Many years ago I tried using a product called WinForecast to create financial & cash Flow forecasts for the Company I worked for. The product couldn’t generate forecasts in the way we presented the management accounts, so I had to build a model using Excel. Let’s say that the management accounts were “not standard”, because the Dutch MD wanted information displayed in a way he could understand, rather than sharing the information with managers in a way they could understand. Anyway, that’s another subject (management, direction & control) which one day I might decide to write about.
Benefits of Sage 50 Forecasting
Sage 50 Forecasting is a good basic tool for creating business plans, irrespective of whether you use Sage 50. Clearly there is a benefit to using Sage 50 Forecasting with Sage 50 Accounts, because you can hotlink your accounting data to your forecast. This simplifies the setting up of the report layout, because you simply use the Nominal Ledger structure imported from Sage 50 Accounts. You can also import live data and use this to create a forecast. Personally I prefer the Excel hotlinks, where you create streams of data in Excel and hotlink these into your forecast. This allows you to sensitise the data in your spreadsheet and refresh the data in Sage 50 Forecasting immediately. Once you get into Sage 50 Forecasting, the above methodology becomes a bit of a dilemma. This is because there are many useful and powerful features within the application for you to generate forecast data. For example, there is the ability to link costs to specific sales categories on a percentage basis and this can be seasonalised over the forecast period. You can enter formulas or simply enter a recurring value.
You must first create a financial period you wish to forecast and set the time frame. This can easily be amended and extended, but we would suggest you create the correct forecast period from the outset, because you need a methodical approach to avoid some of the Gotcha’s. Set up your VAT rates, your pension scheme, check the Ee’s and Er’s NI rates and you’re pretty much ready to start. There are a number of other tables to set up. But these can be done as you go along, for example receipts and payment profiles. A logical starting point is the entering of the Opening Trial Balance, this is best summarised into key categories, because the forecast data obviously updates the balance sheet, when you have indicated the receipts and payment profiles.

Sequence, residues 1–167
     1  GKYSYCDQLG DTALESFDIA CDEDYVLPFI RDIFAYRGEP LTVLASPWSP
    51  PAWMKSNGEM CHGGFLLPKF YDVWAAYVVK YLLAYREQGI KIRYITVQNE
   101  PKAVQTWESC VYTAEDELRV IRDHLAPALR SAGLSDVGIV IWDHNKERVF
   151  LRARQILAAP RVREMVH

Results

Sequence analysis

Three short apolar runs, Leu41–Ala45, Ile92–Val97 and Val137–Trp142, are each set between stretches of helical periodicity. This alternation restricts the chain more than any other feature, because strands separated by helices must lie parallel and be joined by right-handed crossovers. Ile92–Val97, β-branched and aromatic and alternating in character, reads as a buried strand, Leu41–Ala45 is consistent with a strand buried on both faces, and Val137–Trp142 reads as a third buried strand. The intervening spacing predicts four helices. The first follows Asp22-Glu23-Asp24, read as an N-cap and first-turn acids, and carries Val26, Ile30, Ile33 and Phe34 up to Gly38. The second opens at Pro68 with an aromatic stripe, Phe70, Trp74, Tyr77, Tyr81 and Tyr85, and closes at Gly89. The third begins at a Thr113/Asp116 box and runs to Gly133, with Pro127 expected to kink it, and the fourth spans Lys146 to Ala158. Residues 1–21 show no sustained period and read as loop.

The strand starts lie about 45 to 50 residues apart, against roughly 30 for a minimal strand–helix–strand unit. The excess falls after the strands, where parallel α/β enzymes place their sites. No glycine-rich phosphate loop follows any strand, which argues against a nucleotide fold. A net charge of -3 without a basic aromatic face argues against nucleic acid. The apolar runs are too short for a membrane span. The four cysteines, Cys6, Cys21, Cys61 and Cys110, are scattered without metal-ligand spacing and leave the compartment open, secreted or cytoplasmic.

The reporting is pretty good to, because you can report over the forecast period and define whether you want the reports to be summarised annually, quarterly or monthly. For medium term forecasts the quarterly summary is excellent, allowing you to report on two financial years on one A4 sheet of paper. These reports are generated in Excel, together with Groups, so you can expand and summarise data for different readers. Key reports include Profit & Loss, Balance Sheet, Cash Flow and some limited KPI’s. There are also a couple of basic charts for break-even and cash flow, but you’re probably better off doing these in Excel, because you have more control over how they will look.
Limitations of Sage 50 Forecasting
For Example you can only define whether invoices are raised equally during the period or at the period end.
Downsides of Sage 50 Forecasting
With complex forecasting within a group structure, you have to consolidate your data in a spreadsheet. This works reasonably well if your Nominal structure within Sage is the same throughout the group (which is unlikely) and it then becomes quite time consuming when creating your sum formula through the Excel sheets and trying to eliminate inter-company transactions!.
There is no facility to print out the assumptions you have made in a logical way to incorporate into your business plan.